How to pack your bag for an outdoor adventure

Heading into the woods for a few days? Here’s everything you need to know about the vital items you need to take with you to stay safe and sound

When I spend a weekend in the woods I have a regular packing list. Unless I’m planning on specific activities that I wouldn’t usually pack for then I take the same kit time and time again. My kit list will be different to yours and yours will be different to your friends’ lists. Kit packing is a very personal activity.

Jonny’s kit list

What to pack 1

  • Hammock, tarp and sleeping bag

  • Knife, saw, axe

  • Fire steel

  • Sharpening stone

  • Waterproof and windproof clothes

  • Whistle (in waterproof pocket)

  • Rucksack

  • Food

  • Emergency rations

  • Billycan

  • Spoon

  • Water bottle and cup

  • Water purifier

  • First-aid kit

  • Spare clothes and gloves

  • Plastic bags or dry bags

  • Torch

  • Compass and map

This is how I go about packing: Firstly, I walk through every room in the house looking at the items in the house that I use all the time. This would range from wash kit (bathroom), spare clothes (bedroom), bed (bedroom), saucepan (kitchen), utensils (kitchen) and so on. All these items directly translate to what I need in my weekend-in-the-woods kit. Utensils translate to knives, saucepans to billycans, bed to hammock, tarp and sleeping bag. Get the picture?

Have your first-aid kit handy to get at and always re-stock it after a trip ready for next time

Have your first-aid kit handy to get at and always re-stock it after a trip ready for next time

The next thing to think about it what you are going to source from the woods. The more you can source means the less you need to take with you. Why carry tent pegs when you can use pegs made from the sticks you find? Why carry water when there is a stream or other water source? It may make you cringe, but the phrase, “The more you know the less you carry” really does work.

Take some luxuries too. There is nothing to say that you should ‘rough it’ too much while out in the woods. I like to take my Kindle when I go out on an expedition. That’s my little treat! Well, that and a hip flask.

The more frequently you go out, the more times you have to analyse your kit. At the end of each trip, ask yourself what you took that you won’t need for your next one. Insect repellent and sunscreen, for example, might just be a seasonal item.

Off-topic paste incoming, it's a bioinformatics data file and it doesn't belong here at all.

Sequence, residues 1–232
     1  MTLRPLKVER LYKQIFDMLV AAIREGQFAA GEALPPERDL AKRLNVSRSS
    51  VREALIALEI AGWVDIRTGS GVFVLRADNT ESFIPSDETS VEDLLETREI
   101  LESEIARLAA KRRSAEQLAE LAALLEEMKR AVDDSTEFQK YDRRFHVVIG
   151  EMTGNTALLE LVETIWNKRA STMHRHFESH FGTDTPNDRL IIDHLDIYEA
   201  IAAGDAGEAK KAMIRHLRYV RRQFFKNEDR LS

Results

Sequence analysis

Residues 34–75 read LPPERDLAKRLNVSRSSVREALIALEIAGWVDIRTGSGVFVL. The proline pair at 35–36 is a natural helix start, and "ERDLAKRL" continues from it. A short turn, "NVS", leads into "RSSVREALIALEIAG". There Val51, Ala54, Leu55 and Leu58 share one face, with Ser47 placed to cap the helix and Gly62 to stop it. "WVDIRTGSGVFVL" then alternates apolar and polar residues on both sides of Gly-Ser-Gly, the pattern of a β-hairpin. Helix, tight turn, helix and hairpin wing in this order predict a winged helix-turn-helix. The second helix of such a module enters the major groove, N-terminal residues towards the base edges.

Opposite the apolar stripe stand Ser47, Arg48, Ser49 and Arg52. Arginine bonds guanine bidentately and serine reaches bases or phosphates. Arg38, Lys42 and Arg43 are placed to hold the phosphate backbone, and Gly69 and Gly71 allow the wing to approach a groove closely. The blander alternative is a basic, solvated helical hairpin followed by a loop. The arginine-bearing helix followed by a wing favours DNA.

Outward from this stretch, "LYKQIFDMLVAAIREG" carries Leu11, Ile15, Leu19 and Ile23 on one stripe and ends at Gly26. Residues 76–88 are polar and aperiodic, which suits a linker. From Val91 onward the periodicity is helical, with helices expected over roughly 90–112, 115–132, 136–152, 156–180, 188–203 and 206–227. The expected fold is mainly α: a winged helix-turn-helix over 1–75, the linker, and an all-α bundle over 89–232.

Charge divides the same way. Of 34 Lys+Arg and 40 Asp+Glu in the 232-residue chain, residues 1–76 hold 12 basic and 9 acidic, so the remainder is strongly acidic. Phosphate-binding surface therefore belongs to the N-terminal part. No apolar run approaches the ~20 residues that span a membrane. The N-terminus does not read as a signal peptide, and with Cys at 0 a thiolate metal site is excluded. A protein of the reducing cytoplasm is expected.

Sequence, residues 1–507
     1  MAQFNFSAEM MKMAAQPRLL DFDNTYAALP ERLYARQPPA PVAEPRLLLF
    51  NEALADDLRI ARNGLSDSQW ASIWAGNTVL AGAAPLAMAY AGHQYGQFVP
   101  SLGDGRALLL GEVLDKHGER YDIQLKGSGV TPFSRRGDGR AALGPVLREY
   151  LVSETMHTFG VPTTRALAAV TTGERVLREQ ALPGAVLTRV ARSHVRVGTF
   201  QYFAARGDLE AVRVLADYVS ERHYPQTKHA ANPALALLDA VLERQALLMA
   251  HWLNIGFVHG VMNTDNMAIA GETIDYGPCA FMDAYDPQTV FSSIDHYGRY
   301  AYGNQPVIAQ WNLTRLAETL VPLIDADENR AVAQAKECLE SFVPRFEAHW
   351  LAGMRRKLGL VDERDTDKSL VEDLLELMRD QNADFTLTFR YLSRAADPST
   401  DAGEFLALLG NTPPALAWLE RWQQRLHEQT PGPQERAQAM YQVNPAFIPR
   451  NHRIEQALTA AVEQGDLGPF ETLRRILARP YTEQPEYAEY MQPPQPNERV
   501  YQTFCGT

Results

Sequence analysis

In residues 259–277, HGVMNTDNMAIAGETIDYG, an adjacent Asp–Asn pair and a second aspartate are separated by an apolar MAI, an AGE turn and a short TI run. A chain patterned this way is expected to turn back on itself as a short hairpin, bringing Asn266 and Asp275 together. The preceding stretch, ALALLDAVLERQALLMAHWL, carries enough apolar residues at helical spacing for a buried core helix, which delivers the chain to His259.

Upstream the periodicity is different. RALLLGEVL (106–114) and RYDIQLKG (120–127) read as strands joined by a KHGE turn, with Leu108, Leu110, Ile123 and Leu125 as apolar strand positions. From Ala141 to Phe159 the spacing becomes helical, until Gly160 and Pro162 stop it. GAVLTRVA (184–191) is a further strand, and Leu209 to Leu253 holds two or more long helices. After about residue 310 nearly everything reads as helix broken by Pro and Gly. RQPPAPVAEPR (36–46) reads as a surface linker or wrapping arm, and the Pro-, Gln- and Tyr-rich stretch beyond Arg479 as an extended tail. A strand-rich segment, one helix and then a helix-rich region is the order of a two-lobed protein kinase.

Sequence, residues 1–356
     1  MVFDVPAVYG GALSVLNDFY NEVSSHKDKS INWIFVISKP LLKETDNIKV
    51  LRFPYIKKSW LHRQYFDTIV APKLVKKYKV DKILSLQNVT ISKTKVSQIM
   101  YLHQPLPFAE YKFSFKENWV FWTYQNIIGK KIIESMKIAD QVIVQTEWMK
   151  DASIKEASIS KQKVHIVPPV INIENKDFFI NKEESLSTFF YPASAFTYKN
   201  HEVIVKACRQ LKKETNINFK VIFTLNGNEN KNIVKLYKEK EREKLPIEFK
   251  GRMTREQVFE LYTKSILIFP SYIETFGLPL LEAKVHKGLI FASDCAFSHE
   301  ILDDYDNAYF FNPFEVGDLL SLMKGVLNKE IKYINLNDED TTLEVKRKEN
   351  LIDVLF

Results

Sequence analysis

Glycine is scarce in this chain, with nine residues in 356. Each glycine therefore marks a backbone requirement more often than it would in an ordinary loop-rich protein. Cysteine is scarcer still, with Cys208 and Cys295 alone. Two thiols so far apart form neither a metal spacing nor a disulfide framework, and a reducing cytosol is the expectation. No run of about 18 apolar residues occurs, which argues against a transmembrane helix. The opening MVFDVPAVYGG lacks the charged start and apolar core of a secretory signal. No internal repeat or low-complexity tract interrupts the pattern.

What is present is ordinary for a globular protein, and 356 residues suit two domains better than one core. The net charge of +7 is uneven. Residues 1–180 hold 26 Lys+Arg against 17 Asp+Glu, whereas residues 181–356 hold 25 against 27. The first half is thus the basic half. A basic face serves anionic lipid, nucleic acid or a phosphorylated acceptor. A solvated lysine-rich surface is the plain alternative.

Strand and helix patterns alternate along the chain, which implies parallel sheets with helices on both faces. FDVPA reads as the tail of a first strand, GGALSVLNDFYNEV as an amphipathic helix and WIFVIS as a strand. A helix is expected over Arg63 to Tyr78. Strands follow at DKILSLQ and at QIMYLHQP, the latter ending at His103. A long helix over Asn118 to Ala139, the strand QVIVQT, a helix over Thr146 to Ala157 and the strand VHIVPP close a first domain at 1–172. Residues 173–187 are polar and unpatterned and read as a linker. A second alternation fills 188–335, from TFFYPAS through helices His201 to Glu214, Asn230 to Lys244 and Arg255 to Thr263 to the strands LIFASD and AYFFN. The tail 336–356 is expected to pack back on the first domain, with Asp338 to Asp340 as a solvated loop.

Now you need to work out an order to pack everything into your pack. As a rule, the items that you’d be least likely to need should be at the bottom.

You should also think about where the weight sits. I don’t usually do too many miles when I go to the woods and the terrain is pretty friendly, so I can pack with heavier kit at the top of my rucksack.

Remember, packed rucksacks get heavier the further you walk, so don’t overload them!

Remember, packed rucksacks get heavier the further you walk, so don’t overload them!

I want my first-aid kit and my waterproofs readily available. My whistle will be on my person, along with my map and compass, and my water bottle will be tucked into an external pocket.

After that I want my sleeping system so that I can rig up my bed as soon as I get to my camp. I keep my axe, saw and knife as deep down into the rucksack as I can so that I don’t get into any legal difficulties with carrying objects that have cutting edges or are sharply pointed in public places. I keep them in a separate dry bag along with my all-important fire-lighting equipment and sharpening stone.

Beneath that comes my cooking equipment and food, along with my water purifier. If I’m walking a long distance then I’ll put the water purifier further up in the rucksack. My torch is always in the top of my rucksack. The order will change from location to location and day to day, but generally speaking it is more or less the same.

Everything that would be less effective if it gets wet should be wrapped up in plastic bags or dry bags. Items like water bottles can just go in loose. When you are packing, make sure that the weight is evenly distributed from side to side. This will prevent one shoulder from taking all the weight. Many a good hike has been ruined by an unbalanced pack.